NASA's Perseverance rover recently began exploring an area on Mars with the potential of finding organics and biosignatures. The rover is currently in Yori Pass, an area said to be rich in sandstone.
There has been no shortage of exciting events this year in terms of exploring all that lies beyond our home planet, Earth. The James Webb Space Telescope has been sending back gorgeous images of deep space, while the Artemis program that will eventually put humans back on the Moon finally launched its first mission earlier this month. But before either of those missions got off the ground, the Mars Perseverance rover began roaming the Martian surface in search of alien life.
The rover recently began exploring an area that the science team calls “Yori Pass” near the base of Jezero Crater's river delta. The team has anxiously been awaiting this mission for several months. This is because the area is sandstone, which is comprised of fine grains brought to the area by water, before finally resting and forming into stone.
“We often prioritize study of fine-grained sedimentary rocks like this one in our search for organics and potential biosignatures,” explained Katie Stack Morgan, Perseverance Deputy Project Scientist at NASA's Jet Propulsion Laboratory in Southern California. “What's especially interesting about the Yori Pass outcrop is that it is literally equivalent with ‘Hogwallow Flats,' where we found very fine-grained sedimentary rocks. That means that the rock bed is located at the same elevation as Hogwallow, and has a large, traceable footprint visible on the surface.”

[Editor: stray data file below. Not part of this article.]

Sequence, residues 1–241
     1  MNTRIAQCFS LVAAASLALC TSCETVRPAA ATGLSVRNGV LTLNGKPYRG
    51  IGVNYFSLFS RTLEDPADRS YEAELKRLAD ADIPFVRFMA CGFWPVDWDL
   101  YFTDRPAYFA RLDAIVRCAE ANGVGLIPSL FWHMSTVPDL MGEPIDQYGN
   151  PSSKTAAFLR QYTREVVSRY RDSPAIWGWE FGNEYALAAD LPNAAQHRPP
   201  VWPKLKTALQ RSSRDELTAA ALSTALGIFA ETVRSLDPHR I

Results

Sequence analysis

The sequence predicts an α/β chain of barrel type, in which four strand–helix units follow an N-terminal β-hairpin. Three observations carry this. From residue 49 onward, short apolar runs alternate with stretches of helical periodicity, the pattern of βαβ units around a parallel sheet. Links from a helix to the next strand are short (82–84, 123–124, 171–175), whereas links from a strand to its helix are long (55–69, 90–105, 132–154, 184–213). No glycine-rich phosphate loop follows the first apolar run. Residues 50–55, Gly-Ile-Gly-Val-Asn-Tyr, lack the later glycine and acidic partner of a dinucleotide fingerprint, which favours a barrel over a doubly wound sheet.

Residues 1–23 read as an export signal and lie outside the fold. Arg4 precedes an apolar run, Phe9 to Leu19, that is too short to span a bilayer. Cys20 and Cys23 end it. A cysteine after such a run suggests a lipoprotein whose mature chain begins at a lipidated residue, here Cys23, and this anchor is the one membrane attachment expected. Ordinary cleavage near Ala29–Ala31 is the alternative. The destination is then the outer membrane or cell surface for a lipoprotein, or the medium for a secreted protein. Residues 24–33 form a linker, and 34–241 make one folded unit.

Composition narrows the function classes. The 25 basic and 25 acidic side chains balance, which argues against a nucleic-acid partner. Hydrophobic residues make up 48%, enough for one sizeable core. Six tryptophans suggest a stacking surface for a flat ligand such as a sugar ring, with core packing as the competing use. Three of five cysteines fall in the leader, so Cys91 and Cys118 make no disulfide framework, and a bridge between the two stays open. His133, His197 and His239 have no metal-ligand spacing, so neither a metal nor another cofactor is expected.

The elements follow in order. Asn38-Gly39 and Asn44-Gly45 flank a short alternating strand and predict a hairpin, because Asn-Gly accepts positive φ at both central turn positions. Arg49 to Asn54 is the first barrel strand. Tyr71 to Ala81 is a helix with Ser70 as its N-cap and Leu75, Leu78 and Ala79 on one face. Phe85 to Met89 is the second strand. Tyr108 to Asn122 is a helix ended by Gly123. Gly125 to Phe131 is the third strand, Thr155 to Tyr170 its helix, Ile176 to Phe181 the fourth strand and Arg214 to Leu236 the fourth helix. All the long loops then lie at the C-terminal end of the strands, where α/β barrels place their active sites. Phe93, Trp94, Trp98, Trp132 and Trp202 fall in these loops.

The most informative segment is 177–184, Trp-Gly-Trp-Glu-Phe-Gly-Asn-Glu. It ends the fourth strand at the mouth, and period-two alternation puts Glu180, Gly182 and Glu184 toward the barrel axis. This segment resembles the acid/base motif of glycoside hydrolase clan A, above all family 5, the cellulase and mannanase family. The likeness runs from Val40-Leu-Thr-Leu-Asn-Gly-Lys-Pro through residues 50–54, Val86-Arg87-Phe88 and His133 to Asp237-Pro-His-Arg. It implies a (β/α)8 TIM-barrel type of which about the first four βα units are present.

Hogwallow Flats is an area that gained the nickname “the Bacon Strip” by the team due to the light-colored striped rocks, which appear to look like strips of bacon in images taken by the Hi-Rise orbiter. Hogwallow Flats was of interest to the team because of its fine-grained sand, which could provide the best opportunity to find life preserved on Mars.
The search for biosignatures is only one of four science objectives for the Perseverance rover. At some point in the future, all of the core samples that have been collected by the rover will be delivered back to Earth via the Mars Sample Return campaign for a much more in-depth study.
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